Having just attended a ticketless Radiohead gig in Manchester, this is something I’ve first-hand experience of. Here we look at how paperless ticketing works and what you can do if you fall foul of the system, and we’ll also take a closer look at the secondary ticket-selling market.
Paperless ticketing is where, instead of receiving tickets through the post, via email or at a venue’s box office ahead of the event, the debit or credit card used to make the purchase is also used to gain entry to the event.
When going to a show that uses this system, the person who booked the tickets must be in attendance and have their credit card and government-issued identification (such as a driver’s licence or passport) to hand, and any people they booked tickets for must also have valid identification with them.
The credit card is then swiped at the door, identification is checked and the event is accessed with no tickets issued or changing hands.
The system was introduced after complaints from artists, event organisers and fans who were fed up that tickets, especially for sold-out events, were being resold for much higher values, sometimes several times the face value, by touts or fans looking to make a quick profit.
Paperless ticketing has been used by Ticketmaster, one of the main online ticket sales outlets, since 2009. Jon Wiffen, a Ticketmaster spokesman, said: “Paperless tickets are a proven method of getting tickets into the hands of genuine fans and ensuring they pay the price intended by the artist. This is why artists choose to use them. In the past several years we have successfully used paperless on a number of major UK events and the artists and Ticketmaster have received extremely positive feedback from fans.”
However, despite proving popular for other events, paperless ticketing has recently come in for some criticism following problems encountered by fans planning to attend Radiohead’s recent shows in Manchester and London.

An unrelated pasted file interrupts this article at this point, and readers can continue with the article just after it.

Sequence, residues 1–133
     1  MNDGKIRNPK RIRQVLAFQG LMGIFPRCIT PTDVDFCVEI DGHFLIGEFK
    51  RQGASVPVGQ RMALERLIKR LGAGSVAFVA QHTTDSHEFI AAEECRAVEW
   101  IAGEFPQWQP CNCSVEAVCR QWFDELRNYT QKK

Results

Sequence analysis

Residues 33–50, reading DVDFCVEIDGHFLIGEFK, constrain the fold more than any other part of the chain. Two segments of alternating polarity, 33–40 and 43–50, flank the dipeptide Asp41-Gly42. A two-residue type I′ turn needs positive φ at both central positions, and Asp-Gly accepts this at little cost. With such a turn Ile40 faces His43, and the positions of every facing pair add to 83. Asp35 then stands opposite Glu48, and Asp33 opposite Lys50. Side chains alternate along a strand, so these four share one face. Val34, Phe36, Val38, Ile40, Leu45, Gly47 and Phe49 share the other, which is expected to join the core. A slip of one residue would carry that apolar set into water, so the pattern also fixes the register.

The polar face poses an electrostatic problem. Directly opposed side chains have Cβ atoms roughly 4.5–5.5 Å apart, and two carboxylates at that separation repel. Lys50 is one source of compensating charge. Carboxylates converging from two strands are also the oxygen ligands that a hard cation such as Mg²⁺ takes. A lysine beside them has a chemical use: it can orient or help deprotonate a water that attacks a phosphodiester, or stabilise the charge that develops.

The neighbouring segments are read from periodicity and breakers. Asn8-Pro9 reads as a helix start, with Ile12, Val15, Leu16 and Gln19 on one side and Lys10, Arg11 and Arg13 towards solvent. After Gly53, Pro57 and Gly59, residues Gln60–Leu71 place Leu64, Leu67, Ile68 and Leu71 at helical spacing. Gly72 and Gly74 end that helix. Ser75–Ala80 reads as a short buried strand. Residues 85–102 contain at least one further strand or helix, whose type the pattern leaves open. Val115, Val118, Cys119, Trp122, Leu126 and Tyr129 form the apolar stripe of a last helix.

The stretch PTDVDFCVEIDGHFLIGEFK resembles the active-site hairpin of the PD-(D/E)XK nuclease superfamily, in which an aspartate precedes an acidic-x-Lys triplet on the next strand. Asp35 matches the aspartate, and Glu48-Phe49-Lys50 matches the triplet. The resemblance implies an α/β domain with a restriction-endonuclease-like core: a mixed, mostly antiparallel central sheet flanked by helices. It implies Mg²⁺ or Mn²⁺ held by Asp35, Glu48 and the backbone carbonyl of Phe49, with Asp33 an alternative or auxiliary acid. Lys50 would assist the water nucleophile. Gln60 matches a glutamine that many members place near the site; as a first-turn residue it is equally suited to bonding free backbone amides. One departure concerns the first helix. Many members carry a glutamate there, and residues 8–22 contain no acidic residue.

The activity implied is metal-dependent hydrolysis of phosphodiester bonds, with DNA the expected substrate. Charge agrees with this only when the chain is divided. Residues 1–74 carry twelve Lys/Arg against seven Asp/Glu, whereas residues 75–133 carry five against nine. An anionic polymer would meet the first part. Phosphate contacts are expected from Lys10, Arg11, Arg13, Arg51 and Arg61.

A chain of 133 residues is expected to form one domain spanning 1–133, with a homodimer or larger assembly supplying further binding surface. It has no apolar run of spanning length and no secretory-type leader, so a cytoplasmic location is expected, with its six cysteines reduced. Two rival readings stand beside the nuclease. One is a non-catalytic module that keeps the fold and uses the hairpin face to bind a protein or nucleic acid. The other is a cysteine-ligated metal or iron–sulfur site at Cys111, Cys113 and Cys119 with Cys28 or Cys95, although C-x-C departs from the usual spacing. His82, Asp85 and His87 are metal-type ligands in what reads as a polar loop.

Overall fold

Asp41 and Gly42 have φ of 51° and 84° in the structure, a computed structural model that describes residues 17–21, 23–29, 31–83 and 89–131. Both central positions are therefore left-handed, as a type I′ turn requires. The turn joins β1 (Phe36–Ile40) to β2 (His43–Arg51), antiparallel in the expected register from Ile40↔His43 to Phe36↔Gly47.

So what exactly is the problem with paperless ticketing?
Climbing up the walls
The main area of complaint is that the person who booked the tickets has to be present at the venue, which means that anyone who has bought tickets as a gift, or finds that they can no longer go, is stuck with tickets they aren’t going to use.
This was a problem encountered by Matt Parry, who was bought two tickets for Radiohead’s Manchester show, one for him and one for his girlfriend Susie McNee (both pictured), as a 30th birthday present by his dad.
A couple of weeks before the gig he realised his dad would have to be in attendance and present his credit card and ID at the door to get his son into the gig, so Matt got in touch with Ticketmaster and was given a couple of options.
His first was to have his dad attend to verify the ticket sales with his credit card, something that was completely impractical given that his dad lives over 200 miles awat in Kent - not to mention the embarrassment having his dad escort him and his girlfriend to the gig!
The next option was for Matt’s dad to cancel the original booking so that Matt could rebook on his own credit card. He was wary of cancelling the tickets in case anything went wrong and he couldn’t rebook, but he felt this was his only option so cancelled and rebooked.
In fairness to Ticketmaster, the company sorted it out without any further fuss. However, although it was sorted out, the solution was based upon one major assumption; that Matt had a credit card he could use to book the tickets and gain entry to the venue on the night.
So, under this system, if you don’t have a credit card, there’s a good chance you’ll miss out.
Another potential problem could arise if your credit card expires between booking the tickets and the event taking place. Your new card would contain slightly different details and neither that nor your old card would be valid to gain you entry.
And what if you find out at the last minute that you cannot attend the gig, by which point it could be too late to change the details on the booking?
Ticketmaster’s advice is to contact them as soon as possible to resolve the matter.
Jon Wiffen added: “Where fans’ credit cards have expired since they made their original booking we are proactively contacting them and have a process in place to allow the new card details to be applied. If fans have any other problems they just need to contact our dedicated customer services team where we can work with them to resolve any issues they have.”
However, while paperless ticketing is an effective way to stop the touts – although I did see a couple at the Radiohead gig; it’s anyone’s guess what they were selling as no tickets were given out at the venue – the inflexibility of the system needs looking at as it does cause problems for genuine fans.